Months later, LeeAnn called me again looking for Frankie. I was working at a supper club, and she actually had me paged at work, which was as rare as the snow on the central South Carolina ground that Friday night.

"Do you know where Frankie is?" LeeAnn asked. "Nobody in the family has heard from him or Cleo all week. I called the school today, and the twins have been absent several days."

I admit I was a little irritated to be called at work about this. "You know Frankie and Cleo. They're both free spirits. Probably took off for Tennessee again," I answered. "Don't worry. They're both adults and I'm sure the twins are with them, where ever they are."

LeeAnn continued, "I went by their mobile home in Irmo. I tried to look through the blinds on the window, and it looks like Cleo is lying on the couch, all wrapped up in that afghan she loves so much. I beat and beat on the door, and she didn't move."

"One of them must have dropped the afghan on top of something on the couch," I suggested. "Frankie is so excited about building the new house. I'll bet they're up there and the phones aren't working because of the ice and snow. They're probably fine in the travel trailer," I assured her, eager to get back to work.

"Would you ride up there with me after you get off?" LeeAnn's voice was pleading.

Now the last thing I wanted to do at two o'clock in the morning was ride thirty miles on icy, snowy roads in South Carolina, where most of us don't know how to drive in those conditions. "Call the sheriff," I suggested. "Get them to stop by and check. They'll probably call you back to tell you everything's fine."

"I'll call you when I know something," she said.

"Wait 'til I'm off work," I replied.

A few hours later, at the busiest time of the night, LeeAnn had me paged again. "We're slammed right now," was the first thing I said. Then I realized she was crying.

"They're dead!" she sobbed. "The cops found Frankie and Cleo shot to death in the travel trailer, and the boys are missing. They've been kidnapped."

I personally couldn't think of why anyone would want to kidnap fifteen-year-old boys other than for ransom, and the only ones who'd pay ransom for them had been killed. I'd bet the boys were injured or dead somewhere.

Cleo had apparently been cooking when she was shot standing in front of the open refrigerator. One of the bullets went through her and wound up in an egg stored on the fridge door. Frankie had been shot in the back.

Though I tried, it was impossible to console LeeAnn and other family members who were devastated by the deaths and worried sick about the twins the next few days. Their fear for the twins changed when the cops told them that Cleo's jewelry had been pawned downtown by identical teenagers. Craig and Tim are identical twins. A few days later, the boys were arrested hiding in Nashville. They'd trashed motel rooms on their way.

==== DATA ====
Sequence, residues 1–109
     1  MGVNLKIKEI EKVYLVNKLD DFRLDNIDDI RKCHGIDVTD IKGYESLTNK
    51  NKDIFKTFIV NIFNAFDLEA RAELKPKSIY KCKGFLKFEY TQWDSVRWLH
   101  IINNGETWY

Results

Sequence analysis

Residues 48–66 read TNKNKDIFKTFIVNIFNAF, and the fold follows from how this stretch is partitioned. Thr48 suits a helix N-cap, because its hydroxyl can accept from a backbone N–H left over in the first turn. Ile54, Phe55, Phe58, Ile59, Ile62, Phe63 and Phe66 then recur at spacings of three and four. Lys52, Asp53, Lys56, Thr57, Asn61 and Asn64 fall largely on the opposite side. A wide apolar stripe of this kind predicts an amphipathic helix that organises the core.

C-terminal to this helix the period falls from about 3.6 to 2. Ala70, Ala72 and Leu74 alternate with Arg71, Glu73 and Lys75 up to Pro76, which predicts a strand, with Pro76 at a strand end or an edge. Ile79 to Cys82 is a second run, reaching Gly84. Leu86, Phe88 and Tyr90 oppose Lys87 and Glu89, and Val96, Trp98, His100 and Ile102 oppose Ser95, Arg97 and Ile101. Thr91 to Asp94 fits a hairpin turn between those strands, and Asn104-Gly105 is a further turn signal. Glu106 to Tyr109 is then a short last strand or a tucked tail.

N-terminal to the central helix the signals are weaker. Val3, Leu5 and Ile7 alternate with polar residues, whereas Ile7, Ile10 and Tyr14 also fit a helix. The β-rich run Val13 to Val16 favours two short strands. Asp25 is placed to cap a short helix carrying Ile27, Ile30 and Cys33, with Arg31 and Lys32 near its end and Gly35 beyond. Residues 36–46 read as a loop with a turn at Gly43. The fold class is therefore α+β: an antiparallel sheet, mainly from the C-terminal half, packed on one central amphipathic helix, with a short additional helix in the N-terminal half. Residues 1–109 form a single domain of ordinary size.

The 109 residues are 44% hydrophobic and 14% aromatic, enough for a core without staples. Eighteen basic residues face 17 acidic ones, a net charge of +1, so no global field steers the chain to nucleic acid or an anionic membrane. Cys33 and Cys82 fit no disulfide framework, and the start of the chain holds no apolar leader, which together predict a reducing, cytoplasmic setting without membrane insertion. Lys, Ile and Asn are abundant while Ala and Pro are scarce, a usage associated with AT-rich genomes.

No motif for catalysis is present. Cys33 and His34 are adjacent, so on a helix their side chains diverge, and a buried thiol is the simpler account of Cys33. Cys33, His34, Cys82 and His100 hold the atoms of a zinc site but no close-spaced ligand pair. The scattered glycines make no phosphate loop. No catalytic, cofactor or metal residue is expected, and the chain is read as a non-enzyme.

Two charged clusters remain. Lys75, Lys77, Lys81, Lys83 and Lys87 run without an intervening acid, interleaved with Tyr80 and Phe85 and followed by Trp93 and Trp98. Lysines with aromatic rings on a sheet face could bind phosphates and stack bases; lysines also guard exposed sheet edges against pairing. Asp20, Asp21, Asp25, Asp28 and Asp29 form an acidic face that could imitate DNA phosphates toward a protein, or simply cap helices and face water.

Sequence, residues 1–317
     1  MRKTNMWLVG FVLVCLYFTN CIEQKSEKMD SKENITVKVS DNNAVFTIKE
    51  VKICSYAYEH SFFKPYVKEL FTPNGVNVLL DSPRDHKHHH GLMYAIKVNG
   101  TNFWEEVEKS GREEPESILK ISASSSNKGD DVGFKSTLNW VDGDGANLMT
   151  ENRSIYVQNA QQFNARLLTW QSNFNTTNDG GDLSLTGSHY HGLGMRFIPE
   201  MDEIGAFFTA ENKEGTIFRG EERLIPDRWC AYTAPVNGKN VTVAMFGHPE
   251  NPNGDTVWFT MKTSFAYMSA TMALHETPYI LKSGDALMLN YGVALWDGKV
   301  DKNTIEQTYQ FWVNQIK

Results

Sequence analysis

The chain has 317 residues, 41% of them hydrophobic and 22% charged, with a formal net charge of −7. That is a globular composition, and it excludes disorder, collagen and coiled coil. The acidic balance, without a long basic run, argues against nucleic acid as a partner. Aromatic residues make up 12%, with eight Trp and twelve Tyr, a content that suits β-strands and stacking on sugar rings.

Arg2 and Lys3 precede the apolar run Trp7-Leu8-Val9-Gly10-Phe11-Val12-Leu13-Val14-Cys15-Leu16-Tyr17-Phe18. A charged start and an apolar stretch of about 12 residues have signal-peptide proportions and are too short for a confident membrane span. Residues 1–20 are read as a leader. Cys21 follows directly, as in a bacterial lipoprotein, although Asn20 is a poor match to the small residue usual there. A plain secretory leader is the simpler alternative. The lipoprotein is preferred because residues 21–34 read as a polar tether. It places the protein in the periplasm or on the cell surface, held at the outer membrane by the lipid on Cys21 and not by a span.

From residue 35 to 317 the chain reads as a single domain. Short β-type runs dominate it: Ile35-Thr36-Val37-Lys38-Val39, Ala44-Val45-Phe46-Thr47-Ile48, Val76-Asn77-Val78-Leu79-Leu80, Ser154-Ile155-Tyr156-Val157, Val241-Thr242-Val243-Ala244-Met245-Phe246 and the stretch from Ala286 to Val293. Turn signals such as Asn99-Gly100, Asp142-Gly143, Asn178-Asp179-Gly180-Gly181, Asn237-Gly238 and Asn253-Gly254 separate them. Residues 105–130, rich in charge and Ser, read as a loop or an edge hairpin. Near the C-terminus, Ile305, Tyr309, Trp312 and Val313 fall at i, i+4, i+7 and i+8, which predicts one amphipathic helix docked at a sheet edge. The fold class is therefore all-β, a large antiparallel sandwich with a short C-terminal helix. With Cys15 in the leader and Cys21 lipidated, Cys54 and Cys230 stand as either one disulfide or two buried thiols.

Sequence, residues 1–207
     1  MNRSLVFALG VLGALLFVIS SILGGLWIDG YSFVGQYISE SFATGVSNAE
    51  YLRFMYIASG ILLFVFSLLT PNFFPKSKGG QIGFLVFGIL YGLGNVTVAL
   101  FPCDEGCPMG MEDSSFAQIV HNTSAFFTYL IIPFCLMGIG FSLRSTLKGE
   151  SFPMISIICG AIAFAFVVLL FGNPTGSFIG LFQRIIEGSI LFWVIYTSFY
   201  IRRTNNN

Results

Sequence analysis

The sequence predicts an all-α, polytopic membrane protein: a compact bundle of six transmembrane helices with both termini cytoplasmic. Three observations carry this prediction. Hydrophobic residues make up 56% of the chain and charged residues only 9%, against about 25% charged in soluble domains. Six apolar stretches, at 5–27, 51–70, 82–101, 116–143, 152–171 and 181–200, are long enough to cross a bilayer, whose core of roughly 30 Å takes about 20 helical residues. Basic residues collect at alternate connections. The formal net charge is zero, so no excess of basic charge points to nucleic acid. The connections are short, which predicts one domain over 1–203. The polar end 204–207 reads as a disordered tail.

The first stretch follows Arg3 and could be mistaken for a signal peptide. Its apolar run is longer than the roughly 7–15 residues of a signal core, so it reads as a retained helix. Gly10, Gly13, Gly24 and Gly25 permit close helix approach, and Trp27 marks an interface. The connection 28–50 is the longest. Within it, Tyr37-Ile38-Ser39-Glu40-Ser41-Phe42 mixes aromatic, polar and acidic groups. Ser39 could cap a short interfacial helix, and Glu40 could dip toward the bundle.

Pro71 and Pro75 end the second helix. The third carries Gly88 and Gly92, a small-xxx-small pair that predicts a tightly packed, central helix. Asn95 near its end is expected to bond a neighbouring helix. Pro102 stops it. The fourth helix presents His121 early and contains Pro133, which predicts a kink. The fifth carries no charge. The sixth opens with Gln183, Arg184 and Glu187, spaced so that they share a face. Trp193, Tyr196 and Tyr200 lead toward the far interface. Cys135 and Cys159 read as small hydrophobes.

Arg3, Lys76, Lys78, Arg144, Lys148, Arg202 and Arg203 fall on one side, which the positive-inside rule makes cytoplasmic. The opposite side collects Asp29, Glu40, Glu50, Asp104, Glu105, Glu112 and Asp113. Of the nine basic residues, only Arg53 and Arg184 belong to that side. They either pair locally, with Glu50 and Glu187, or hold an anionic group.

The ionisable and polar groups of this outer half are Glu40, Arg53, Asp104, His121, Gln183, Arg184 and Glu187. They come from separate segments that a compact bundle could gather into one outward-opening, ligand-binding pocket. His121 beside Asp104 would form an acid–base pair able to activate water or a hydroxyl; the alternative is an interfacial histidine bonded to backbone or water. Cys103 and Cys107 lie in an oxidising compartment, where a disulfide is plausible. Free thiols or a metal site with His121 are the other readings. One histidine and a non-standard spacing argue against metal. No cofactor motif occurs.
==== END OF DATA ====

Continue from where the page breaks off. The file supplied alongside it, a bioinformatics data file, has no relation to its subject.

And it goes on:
Craig had always been the dominant brother, and Timmy generally followed along. They confessed that they'd planned to kill their dad and grandmother so they could have money and move back to Tennessee. In 1989, Craig was convicted of murder and sentenced to life in prison. Tim was convicted of voluntary manslaughter and sentenced to fifty-five years and six months in prison. Tim's first parole eligibility is 9/20/12 and Craig's is 11/09/13. The boys have been incarcerated in separate facilities, but neither has a good record in prison, so it's unlikely, though not impossible, that either will be paroled at first eligibility.

Why would anyone call men who brutally murdered their father and grandmother "good"? Because that's their surname. Craig is Craig Layman Good and Tim is Timothy Sean Good.
They are "The Good Twins."

Postscript from Fran: Writers are frequently asked where story ideas originate. Real life is the basis for more than just true crime stories. Truth is, sometimes, indeed, stranger than fiction. If you'd like to see current photos of Susan Smith, Craig Good, and Tim Good, go to
SC's Incarcerated Inmate Search at http://sword.doc.state.sc.us/scdc-public/

Until we meet again… take care of YOU.

22 January 2012

David Dean, Edgar Nominee


David Dean is nominated for an Edgar Award for his story 'Tomorrow's Dead' in Ellery Queen. How cool is that!